Ex-NTF adviser: Visayas, Mindanao could see COVID-19 surge in Odette aftermath
Visayas and Mindanao could see a surge in COVID-19 cases on the heels of hundreds of thousands scrambling and crowding in evacuation centers due to Typhoon Odette, a former adviser to the National Task Force vs. COVID-19 warned Dec. 19.
"Inadvertently or unintentionally, puwede kang magkaroon ng violation ng social distancing measures," Dr. Tony Leachon told ABS-CBN's TeleRadyo, adding that the government should monitor the regions over the next two "critical" weeks. "Kasi kung nasa evacuation centers sila, hindi natin masisisi kung ang sanitation at face mask ay hindi kumpleto."
Leachon also took note of the difficulties in deploying COVID-19 vaccines in the Odette-stricken Visayas and Mindanao, but still stressed on the importance of making an "effort" to do so nonetheless, especially that the two major island groups' vaccination rate remains low.
Vaccine coverage in Visayas and Mindanao is still below the national average of 53%. Half of the Philippines's 110 million population has received at least one dose, with Metro Manila's most eligible residents already fully vaccinated against COVID-19.
"Alam ko na ang sentimyento at mood ng ating mga kababayan ay malungkot, nawalan ng bahay," Leachon said, "pero kunyari naka-settle down na sila sa evacuation center, dapat isa ito sa gawin natin...para ho sa ganoon ay hindi magkalat ang COVID diyan," he said, adding that those who are eligible for booster shots should be prioritized.
For the meantime, he urged local government officials to segregate evacuees via tents, provide more face masks and alcohol, and conduct rapid antigen testing.
"Wala na hong natira doon kung nasalanta...so sa mga supply po na ipapadala sa countryside, bigyan ho natin sila," he said.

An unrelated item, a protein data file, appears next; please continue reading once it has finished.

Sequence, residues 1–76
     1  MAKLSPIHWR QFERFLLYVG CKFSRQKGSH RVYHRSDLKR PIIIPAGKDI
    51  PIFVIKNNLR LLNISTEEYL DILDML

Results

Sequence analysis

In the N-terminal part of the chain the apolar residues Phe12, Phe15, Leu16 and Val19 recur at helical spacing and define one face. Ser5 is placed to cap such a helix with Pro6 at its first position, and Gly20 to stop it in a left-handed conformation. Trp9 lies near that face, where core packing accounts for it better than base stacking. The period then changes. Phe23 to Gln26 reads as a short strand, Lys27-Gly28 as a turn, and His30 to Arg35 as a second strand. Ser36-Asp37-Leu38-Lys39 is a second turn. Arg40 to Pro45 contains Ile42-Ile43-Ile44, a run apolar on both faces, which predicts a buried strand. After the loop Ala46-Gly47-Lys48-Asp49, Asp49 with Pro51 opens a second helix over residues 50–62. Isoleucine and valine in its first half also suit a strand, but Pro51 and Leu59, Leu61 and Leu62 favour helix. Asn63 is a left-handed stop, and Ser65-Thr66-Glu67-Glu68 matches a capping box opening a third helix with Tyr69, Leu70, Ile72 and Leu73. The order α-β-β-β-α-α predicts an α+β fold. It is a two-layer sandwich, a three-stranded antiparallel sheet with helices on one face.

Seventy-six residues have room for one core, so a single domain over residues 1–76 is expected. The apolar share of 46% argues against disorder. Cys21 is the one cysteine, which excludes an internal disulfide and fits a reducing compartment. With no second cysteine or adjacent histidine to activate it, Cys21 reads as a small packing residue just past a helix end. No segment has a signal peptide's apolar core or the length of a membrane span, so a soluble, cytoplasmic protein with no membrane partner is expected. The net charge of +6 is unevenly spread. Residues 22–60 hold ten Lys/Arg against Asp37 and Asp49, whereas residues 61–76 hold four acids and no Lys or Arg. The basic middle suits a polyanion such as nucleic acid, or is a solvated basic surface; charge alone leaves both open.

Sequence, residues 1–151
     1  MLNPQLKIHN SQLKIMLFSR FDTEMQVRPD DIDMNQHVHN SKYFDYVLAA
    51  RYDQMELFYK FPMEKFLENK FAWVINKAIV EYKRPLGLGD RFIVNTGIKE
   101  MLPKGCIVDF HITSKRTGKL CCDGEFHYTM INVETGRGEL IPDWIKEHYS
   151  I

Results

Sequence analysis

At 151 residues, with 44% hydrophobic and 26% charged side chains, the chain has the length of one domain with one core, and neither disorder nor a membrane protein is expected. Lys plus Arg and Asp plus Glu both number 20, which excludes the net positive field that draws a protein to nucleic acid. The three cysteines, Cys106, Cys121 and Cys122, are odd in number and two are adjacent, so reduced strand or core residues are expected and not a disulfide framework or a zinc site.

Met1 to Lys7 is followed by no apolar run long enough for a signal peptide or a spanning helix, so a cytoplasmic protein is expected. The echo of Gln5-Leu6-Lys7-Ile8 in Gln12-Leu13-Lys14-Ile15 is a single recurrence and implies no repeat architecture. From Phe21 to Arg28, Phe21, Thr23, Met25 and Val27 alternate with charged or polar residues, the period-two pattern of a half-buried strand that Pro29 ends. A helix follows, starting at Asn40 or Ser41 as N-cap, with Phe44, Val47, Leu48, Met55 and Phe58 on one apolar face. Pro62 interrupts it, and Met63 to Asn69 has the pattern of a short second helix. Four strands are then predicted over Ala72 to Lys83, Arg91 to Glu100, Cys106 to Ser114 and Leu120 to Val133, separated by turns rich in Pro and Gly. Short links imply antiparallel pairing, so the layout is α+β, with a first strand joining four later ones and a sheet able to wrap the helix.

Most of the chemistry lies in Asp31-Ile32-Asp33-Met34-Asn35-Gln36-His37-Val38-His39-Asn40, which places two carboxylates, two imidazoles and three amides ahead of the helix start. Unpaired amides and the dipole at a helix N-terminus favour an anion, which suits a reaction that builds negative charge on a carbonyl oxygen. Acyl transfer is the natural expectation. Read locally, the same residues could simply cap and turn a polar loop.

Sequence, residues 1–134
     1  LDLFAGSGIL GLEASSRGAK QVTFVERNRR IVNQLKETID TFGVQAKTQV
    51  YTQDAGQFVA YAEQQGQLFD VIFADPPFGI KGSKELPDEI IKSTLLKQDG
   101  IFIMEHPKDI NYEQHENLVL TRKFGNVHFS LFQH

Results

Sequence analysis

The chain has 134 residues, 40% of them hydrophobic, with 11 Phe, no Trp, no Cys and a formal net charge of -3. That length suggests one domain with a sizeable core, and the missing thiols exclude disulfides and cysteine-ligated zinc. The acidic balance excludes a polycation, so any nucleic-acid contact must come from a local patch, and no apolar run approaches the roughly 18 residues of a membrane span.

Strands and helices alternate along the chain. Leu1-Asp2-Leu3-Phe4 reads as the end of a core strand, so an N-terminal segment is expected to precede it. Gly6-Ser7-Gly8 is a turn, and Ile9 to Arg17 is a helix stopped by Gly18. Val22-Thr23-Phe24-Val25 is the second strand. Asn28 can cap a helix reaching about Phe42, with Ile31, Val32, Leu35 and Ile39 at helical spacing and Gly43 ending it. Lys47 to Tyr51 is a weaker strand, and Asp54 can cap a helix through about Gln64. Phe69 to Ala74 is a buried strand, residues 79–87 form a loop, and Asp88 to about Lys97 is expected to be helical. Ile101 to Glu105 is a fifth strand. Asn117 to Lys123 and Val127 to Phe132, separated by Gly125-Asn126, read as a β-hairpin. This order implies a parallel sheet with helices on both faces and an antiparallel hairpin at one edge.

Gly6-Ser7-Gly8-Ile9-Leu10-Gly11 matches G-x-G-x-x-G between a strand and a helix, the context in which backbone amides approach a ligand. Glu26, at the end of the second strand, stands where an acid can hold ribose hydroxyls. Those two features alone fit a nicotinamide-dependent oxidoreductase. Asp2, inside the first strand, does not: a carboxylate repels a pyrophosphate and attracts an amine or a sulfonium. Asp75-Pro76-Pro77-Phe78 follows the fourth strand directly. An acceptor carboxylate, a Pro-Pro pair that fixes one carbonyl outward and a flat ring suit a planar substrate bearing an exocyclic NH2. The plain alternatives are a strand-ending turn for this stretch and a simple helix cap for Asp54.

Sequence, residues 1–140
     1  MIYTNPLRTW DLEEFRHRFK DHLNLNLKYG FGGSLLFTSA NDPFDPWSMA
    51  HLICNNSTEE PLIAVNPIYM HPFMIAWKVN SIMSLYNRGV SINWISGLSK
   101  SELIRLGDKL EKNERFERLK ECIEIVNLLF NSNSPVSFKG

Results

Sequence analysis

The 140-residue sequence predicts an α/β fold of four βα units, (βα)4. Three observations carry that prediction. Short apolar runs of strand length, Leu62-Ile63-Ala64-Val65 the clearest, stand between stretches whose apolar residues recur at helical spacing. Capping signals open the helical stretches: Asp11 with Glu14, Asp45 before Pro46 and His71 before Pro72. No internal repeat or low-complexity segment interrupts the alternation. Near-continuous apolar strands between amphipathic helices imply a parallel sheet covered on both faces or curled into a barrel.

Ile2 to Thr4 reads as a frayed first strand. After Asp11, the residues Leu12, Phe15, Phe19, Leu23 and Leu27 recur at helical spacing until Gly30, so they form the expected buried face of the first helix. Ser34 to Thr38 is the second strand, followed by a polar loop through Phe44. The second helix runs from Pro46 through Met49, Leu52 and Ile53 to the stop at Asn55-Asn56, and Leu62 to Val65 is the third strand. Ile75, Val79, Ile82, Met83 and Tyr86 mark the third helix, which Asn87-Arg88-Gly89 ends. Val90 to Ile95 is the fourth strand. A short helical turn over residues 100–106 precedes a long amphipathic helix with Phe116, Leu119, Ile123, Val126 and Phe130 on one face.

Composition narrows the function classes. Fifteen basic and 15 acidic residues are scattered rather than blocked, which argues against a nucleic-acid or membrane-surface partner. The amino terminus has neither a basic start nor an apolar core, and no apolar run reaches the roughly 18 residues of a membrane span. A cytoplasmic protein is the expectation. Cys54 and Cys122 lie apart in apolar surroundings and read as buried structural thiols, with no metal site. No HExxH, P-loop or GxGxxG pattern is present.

Those who exhibit flu-like symptoms should also inform local doctors immediately so they can be quarantined, the health advocate added.
Leachon also asked the public to be "more vigilant than ever," especially after the country detected its first two Omicron variant cases.
"Alam ko nag-iingat tayong lahat, gusto nating magsaya," he said. "(But) I don't think we can endure another kind of surge, lalo na ngayong nagkabagyo."
Leachon also warned that it's "just a matter of time" that the country will see an Omicron outbreak.
"Based on history, doon sa atin sa original Wuhan strain sa January of 2020... ang tawag nila, index cases," Leachon said. "Tapos ganoon din iyong Delta, sometime in April, and then, kumalat din sila. So, kakalat din iyan (Omicron)."
The World Health Organization (WHO) in its technical brief last Dec. 13 said that current limited evidence suggests that Omicron variant has a "growth advantage" over the already infectious Delta variant, inasmuch as it "suggests a reduction" in vaccine efficacy.
"Given the current available data, it is likely that Omicron will outpace the Delta variant where community transmission occurs," the WHO said.
Dr. Aletheia De Guzman, officer in charge of the Department of Health (DOH)'s Epidemiology Bureau, earlier cited studies saying that one Omicron case can infect up to 10 people, vis-à-vis Delta's 8.
To date, the country's COVID-19 caseload is at over 2.8 million, about 9,900 of which are active. About 43.9% of the active cases are mild and asymptomatic, the DOH noted.
Of the 9,900 active infections, Visayas accounts for around 1,600 of them. Mindanao, meanwhile, has 2,100.